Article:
Valery Pavlov obtained his PhD degree in Chemical Engineering in January 2005 from the University Rovira I Virgili (Spain). He worked in the Hebrew University of Jerusalem (Israel) in the group of professor Itamar Willner as a postdoctoral researcher. Since October he continued his postdoctoral study at the Chemistry Department of the University of Heidelberg (Germany). In February 2007 he joined the new research institute CIC BiomaGUNE in San Sebastian as a group leader. His research interests include enzymatic generation of metal and semiconductor nanoparticles, production of new recombinant mutated enzymes, and optical bioanalytical assays.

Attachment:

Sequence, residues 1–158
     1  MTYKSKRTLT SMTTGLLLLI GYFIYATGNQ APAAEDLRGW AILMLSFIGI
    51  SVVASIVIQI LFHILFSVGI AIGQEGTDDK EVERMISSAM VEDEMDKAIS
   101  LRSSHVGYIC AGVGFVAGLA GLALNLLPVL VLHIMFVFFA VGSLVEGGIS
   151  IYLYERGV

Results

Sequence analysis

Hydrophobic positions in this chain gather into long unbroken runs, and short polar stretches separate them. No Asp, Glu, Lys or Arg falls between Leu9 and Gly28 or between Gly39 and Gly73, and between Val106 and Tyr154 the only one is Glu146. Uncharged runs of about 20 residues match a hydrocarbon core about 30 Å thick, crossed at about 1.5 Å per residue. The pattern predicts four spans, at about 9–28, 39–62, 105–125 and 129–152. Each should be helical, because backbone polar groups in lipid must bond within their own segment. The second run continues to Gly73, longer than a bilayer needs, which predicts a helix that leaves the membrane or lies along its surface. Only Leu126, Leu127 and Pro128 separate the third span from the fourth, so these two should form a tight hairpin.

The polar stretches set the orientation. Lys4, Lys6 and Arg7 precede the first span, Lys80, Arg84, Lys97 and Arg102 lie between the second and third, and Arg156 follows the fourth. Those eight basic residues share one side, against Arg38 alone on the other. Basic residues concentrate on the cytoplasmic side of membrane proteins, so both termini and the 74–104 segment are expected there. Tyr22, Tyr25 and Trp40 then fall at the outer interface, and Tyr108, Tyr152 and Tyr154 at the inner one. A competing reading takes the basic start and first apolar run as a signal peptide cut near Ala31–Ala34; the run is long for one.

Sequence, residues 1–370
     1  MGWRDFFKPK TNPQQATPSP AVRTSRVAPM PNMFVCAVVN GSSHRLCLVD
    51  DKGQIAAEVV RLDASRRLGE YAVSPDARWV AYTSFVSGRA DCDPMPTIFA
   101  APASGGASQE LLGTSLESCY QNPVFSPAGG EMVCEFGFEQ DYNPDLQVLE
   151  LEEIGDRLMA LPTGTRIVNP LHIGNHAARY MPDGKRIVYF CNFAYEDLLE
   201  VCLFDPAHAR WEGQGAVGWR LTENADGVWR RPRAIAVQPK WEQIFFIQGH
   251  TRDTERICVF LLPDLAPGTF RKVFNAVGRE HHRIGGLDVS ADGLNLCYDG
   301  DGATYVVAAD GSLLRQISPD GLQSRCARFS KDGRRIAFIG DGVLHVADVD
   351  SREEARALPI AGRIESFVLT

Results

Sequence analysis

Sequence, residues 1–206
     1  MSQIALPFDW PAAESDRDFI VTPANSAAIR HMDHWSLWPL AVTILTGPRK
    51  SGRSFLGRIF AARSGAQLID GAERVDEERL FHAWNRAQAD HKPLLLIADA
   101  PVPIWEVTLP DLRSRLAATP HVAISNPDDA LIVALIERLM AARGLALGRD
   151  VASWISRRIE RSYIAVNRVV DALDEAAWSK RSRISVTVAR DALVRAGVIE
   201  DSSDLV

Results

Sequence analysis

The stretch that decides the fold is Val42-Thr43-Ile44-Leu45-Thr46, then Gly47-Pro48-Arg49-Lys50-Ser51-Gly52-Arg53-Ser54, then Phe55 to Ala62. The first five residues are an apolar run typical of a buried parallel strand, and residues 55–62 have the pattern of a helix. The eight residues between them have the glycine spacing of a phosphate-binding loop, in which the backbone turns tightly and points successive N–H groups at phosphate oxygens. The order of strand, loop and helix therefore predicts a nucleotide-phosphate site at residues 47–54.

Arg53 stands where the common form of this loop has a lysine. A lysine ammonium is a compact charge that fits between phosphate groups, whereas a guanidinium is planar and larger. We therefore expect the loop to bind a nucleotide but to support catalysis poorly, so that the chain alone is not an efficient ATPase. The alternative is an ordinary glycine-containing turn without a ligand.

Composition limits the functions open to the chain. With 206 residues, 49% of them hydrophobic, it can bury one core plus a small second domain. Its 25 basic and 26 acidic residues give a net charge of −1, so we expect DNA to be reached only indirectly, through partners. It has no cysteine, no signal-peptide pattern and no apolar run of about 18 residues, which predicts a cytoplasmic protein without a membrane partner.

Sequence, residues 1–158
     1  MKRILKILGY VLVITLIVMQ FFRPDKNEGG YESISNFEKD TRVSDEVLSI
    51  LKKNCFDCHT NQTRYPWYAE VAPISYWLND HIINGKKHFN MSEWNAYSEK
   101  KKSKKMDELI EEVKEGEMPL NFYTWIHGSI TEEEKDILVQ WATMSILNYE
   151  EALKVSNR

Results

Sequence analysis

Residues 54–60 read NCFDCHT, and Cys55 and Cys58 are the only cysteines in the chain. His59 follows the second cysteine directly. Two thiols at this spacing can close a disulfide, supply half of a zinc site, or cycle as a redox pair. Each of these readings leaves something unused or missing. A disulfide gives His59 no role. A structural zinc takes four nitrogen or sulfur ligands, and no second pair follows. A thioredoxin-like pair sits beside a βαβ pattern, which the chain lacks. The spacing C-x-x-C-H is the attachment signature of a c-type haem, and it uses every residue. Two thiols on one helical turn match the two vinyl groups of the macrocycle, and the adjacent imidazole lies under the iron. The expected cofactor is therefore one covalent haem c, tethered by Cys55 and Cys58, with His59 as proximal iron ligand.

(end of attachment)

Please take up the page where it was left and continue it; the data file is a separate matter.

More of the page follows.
Bioanalytical enzymatic systems producing fluorescent NPs employ sensitive techniques such as fluorescence spectroscopy to register the read out signal as. A number of analytical assays for detection of enzymatic activities in which generation of fluorescent CdS NPs was induced by products of bio-catalytic reactions have been developed: Acetylcholine esterase breaks the artificial substrate acetylthiocholine to acetate and thiocholine. The latter catalyzes decomposition of S2O32- to H2S. The resulting hydrogen sulfide interacts with Cd2+ to yield CdS NPs. Alkaline phosphatase hydrolyzes thiophosphate to orthophosphate and H2S. The latter reacts immediately with cadmium cations to give fluorescent CdS NPs. Glucose oxidase (GOx) catalyzes oxidation of 1-thio-β-D-glucose by oxygen to yield finally hydrogen sulfide. The assay consists of the generation of CdS QDs in the presence of GOx, 1-thio-β-D-glucose and cadmium nitrate. GOx oxidizes the substrate 1-thio-β-D-glucose to 1-thio-β-D-gluconic acid, which is hydrolyzed to D-gluconic acid and H2S. The latter reacts with Cd2+ to produce fluorescent CdS QDs. The rate of hydrogen peroxide reduction with sodium thiosulfate can be significantly enhanced by horseradish peroxidase (HRP) yielding H2S as one of the reaction products. Interaction of enzymatically produced H2S with Cd2+ ions results in the formation fluorescent CdS NPs. Additional enzymatic assays for methionine gamma-lyase, serum paraoxonase and other enzymes have been developed. Enzymatic generation of fluorescent semiconductor nanoparticles in situ allows development of relatively inexpensive, simple and available assays. This technique offers alternatives to conventional chromogenic and fluorogenic organic enzymatic substrates which usually are not stable and expensive.